Help improve cognitive function and slow down your mental decline with nutrition! Learn more about how you can eat for brain health thanks to the MIND diet. Contact me to learn more about tailoring diet to YOUR individual needs.
Eating nutritious, colorful foods on a regular basis is seen as the gold standard for health. Not only does a well-balanced diet stave off disease, but it can also improve your quality of life! From a reduced risk of diabetes to improved blood pressure, there are hundreds of reasons why a nutritious diet is so important. And, over recent years, research has emerged which shows that your diet can make a positive difference in brain health, especially when it comes to your risk of dementia and cognitive decline (memory, focus, judgement).
This specialized diet is called the MIND diet, which stands for Mediterranean-DASH Intervention for Neurodegenerative Delay. It’s a hybrid of the Mediterranean and DASH diets, and it’s specifically designed to improve brain health. The MIND diet’s goal is to reduce dementia and the decline in memory and focus, and is done so by prioritizing leafy green vegetables, berries, whole grains, and healthy fats. Researchers have found that the MIND diet provides antioxidant and anti-inflammatory benefits, as well as reducing potentially harmful beta-amylod proteins (which scientists believe may be one of the primary causes of Alzheimer’s disease).
What to Eat on the MIND Diet
Just like the Mediterranean and DASH diets, the MIND diet focuses on many plant-based foods, fatty fish, and healthy fats. To optimize brain health, try to include the following in your daily diet:
1. Green, leafy vegetables: Aim for six or more servings per week (includes foods such as kale, spinach, and cooked greens). Give these Kale Stuffed Pitas a try!
2. Additional vegetables: In addition to green, leafy veggies, try to eat at least one more (non-starchy) vegetable every day. I recommend aiming for at least 2 cups for optimal health!
3. Berries: Consume strawberries, blueberries, raspberries, or blackberries at least once a day. They give you the largest antioxidant punch by being rich in anthocyanins and ellagic acid. You can add them to your favorite salad, morning yogurt, or as an evening dessert! Give this easy Chia Cucumber Strawberry Cooler a taste!
4. Nuts: Put away the chips and bust out the nuts instead! It’s recommended to get five servings (or more) of nuts each week, so snack on a few (small handful) during the day or add them to your favorite salad.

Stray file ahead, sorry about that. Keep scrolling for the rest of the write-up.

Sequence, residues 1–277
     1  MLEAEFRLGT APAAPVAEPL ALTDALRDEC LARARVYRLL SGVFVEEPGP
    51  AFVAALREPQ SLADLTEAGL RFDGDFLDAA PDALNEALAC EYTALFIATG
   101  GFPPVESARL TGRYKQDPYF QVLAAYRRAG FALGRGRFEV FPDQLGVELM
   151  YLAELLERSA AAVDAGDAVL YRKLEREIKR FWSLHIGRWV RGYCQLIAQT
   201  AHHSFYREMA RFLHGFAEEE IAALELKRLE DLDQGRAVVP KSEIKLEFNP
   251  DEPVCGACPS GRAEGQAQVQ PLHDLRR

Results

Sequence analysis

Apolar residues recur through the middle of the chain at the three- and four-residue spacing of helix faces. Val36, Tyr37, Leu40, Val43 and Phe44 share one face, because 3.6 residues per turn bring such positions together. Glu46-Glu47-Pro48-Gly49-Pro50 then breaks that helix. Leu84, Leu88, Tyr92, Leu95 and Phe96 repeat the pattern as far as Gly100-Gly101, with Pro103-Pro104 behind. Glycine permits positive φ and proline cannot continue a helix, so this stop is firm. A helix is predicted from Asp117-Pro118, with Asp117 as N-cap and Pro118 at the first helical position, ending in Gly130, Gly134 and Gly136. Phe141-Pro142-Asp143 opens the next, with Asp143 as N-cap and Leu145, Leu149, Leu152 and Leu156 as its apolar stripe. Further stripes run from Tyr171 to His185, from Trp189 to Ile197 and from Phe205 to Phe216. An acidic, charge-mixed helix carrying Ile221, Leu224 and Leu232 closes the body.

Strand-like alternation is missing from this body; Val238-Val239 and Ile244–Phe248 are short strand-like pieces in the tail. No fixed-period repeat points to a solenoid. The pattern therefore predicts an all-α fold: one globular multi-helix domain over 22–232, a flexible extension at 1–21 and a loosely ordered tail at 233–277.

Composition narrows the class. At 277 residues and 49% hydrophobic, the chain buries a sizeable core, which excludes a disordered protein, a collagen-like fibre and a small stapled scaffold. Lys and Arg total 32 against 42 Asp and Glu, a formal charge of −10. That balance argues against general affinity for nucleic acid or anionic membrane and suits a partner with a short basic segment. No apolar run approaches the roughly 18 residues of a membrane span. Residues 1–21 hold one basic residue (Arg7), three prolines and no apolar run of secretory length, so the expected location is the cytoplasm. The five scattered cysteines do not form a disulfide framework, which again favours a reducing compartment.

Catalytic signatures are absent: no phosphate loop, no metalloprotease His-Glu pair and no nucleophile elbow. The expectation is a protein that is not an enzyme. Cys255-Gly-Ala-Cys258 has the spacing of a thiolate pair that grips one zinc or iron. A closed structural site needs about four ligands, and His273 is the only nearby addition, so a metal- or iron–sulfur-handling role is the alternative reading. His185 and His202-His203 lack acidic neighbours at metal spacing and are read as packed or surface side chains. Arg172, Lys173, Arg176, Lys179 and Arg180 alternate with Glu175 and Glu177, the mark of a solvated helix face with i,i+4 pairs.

5. Olive oil: Olive oil is a flavorful and nutritious cooking oil, so incorporate it into your daily routine. Just be careful not to heat it too hot or it can become harmful! For more information about how to safely cook with olive oil, check out this post.
6. Whole grains: Ditch the “white foods” and choose fiber rich alternatives. Whether it’s oatmeal, brown rice, quinoa, or whole-wheat pasta, try to get at least three servings a day of whole grains. This Butternut Squash Barley Soup is a great way to do exactly this!
7. Fish/poultry: When it comes to eating meat, make sure you choose lean cuts like poultry. But, instead of this being the center of the plate, dice chicken and toss it into a vegetable rich stir-fry. Consume fatty fish (ie. salmon, trout, tuna, or sardines) at least once a week. The omega-3 fatty acids are beneficial for your brain health!
8. Beans: Beans are a powerful superfood! From lentils to soybeans, try to have them at least four times per week. This Warm Chickpea and Bulgur Salad might be the perfect meal to introduce some MIND healthy foods!
9. Wine: Wine lovers rejoice! Red and white wine may benefit your brain health, as research has shown that the red wine compound resveratrol may help protect against Alzheimer’s disease. However, don’t have more than one glass a day or you could be increasing other risk factors like cancer.
*Try to limit your intake of red meats, refined grains, cheese, fried foods, added sugars, and saturated fats.
The MIND Diet is a long-term plan
Improving your brain health isn’t something that you can do overnight, but if you’re consistent over time, your patience will pay off! And, guess what? While you’re making these healthy diet adjustments, you’re likely improving many other aspects of your health too! Just remember: it’s the small things you do every day for a long period of time that really make a difference. Here’s to boosting brain health with diet!
If you have questions or concerns about your diet and what nutritional steps you can take to eat for brain health, please don’t hesitate to contact me to set up an appointment. There is no “one size fits all” diet and the best approach is a thorough assessment based on YOUR individual needs.
If you liked this article, check out my other blog posts including:
What You Need to Know About Bone Health
What Your Poop Can Tell You About Your Health
How to Prevent Muscle Loss as You Age
5 Reasons You May Need Vitamin or Mineral Supplementation
How to Eat for Hypertension